Review of The Numbers Game: Why everything you know about Soccer is Wrong

Really, this review should be called, “Why I like Crystal Palace now.”

I have to admit, this isn’t a great book. While really interesting, this book fell victim to what a lot of stat books about sports fall victim to: the fact that sports is always a zero-sum game.  Sure, you can analyze how effective passing is in scoring, but ultimately, the game is about scoring one (or more) goals than the opposition.  As long as that happens, it doesn’t really matter how it came about.  Therefore, strategy is as much about counteracting what your opponent does as having a defined strategy.

None-the-less, when I was done, I found myself with a better understanding of the numbers behind soccer, a sport I have come to rather late in life.  And that’s why I’m a Crystal Palace (really a Tony Pulis) fan now.  Here is a manager who has somehow managed to break the statistical rules of soccer.  His teams at Stoke City were rewarded in the standings by having less possession and kicking the ball out bounds (or even better, getting the other team to kick it out of bounds).  So, now with Tony Pulis taking over at Crystal Palace, they are beginning to play the same sort of game.  Sometimes referred to as negative soccer, I just enjoy watching an underdog succeed.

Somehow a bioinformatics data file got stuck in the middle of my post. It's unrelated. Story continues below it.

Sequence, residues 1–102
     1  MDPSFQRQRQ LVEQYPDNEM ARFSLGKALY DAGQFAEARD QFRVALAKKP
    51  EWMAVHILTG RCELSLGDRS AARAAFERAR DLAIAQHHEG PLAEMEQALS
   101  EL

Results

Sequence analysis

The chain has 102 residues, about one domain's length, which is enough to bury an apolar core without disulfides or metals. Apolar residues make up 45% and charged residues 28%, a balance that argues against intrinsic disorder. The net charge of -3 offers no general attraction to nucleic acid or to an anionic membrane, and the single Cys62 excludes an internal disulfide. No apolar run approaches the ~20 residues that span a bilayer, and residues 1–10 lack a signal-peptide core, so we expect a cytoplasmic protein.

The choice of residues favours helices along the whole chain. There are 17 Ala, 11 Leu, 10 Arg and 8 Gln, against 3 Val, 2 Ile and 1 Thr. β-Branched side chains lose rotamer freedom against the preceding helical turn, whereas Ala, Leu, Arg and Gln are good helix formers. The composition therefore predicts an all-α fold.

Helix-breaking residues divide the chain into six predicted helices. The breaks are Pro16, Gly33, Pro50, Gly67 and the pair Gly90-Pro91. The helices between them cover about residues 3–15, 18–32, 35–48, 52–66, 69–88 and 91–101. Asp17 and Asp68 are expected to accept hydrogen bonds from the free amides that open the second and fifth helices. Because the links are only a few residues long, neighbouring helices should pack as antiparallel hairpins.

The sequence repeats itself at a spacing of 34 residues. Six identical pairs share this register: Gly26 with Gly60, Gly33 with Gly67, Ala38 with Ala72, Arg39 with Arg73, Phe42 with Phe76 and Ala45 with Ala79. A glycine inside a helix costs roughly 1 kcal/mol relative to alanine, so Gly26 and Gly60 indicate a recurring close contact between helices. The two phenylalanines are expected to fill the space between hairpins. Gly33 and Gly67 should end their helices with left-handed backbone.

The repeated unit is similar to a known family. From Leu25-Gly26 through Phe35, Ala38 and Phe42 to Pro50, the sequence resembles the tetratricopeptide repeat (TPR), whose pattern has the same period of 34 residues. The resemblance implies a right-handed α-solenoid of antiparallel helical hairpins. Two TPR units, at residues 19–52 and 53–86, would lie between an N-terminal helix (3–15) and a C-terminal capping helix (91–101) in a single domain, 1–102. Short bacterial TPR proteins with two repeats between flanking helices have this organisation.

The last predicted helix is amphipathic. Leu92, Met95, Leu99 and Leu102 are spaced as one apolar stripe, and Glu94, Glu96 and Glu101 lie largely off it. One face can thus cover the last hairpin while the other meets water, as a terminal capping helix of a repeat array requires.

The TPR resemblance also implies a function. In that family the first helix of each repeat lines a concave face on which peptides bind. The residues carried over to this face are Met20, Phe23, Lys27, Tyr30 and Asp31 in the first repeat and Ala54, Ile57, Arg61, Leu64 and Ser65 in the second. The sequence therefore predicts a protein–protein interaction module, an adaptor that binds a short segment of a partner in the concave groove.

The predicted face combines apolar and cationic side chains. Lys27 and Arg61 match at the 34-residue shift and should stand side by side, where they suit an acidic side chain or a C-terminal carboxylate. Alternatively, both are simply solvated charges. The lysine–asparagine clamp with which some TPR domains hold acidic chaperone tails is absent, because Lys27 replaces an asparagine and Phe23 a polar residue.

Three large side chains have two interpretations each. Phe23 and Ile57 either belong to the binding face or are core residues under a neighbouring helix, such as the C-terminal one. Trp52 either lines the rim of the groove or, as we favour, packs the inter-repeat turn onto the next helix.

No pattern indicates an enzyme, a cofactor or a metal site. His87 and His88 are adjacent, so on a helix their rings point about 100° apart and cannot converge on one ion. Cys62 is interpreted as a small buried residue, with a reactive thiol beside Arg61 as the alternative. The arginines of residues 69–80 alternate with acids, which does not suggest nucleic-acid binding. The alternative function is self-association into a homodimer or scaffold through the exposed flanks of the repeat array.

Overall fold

And ultimately, that’s why this book is worth a read.  You start to understand why Man United always won, which helps a novice soccer watcher as they get into soccer around the world understand.

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About Bill MK

A writer, an avid consumer of soccer, music, media, books and games, a poorly self-taught handy man, a nom de plume.
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One Response to Review of The Numbers Game: Why everything you know about Soccer is Wrong

  1. Pingback: SF Book Review: Silo (Wool) Series, by Hugh Howey | North of Nowhere

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